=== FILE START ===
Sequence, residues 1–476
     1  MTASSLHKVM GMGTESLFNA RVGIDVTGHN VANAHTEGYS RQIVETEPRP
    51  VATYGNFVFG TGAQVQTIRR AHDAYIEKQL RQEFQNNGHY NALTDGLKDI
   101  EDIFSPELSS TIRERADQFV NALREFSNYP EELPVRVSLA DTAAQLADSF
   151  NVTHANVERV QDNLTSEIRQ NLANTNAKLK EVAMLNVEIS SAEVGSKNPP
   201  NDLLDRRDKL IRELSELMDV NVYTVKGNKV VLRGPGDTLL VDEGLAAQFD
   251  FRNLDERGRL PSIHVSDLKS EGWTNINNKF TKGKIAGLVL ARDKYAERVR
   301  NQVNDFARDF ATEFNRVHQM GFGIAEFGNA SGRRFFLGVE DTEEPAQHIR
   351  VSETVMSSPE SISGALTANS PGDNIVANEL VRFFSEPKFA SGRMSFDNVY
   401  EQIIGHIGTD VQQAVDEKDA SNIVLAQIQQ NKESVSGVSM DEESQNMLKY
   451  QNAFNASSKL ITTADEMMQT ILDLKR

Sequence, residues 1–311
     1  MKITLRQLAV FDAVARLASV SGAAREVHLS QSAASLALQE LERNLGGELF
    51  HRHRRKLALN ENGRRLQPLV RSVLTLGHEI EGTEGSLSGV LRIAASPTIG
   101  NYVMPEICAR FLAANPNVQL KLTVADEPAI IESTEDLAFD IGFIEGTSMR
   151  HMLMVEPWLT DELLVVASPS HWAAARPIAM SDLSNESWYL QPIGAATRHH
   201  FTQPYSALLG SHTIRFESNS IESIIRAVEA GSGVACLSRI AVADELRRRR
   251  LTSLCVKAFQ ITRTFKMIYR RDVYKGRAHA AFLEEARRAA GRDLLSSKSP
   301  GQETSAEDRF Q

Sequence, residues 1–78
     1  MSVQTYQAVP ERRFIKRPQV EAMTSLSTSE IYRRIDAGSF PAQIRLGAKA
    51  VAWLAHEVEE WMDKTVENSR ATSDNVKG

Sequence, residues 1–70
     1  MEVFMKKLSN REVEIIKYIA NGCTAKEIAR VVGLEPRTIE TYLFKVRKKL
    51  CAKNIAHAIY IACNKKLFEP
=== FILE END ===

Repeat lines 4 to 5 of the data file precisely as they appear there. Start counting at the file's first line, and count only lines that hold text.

   101  EDIFSPELSS TIRERADQFV NALREFSNYP EELPVRVSLA DTAAQLADSF
   151  NVTHANVERV QDNLTSEIRQ NLANTNAKLK EVAMLNVEIS SAEVGSKNPP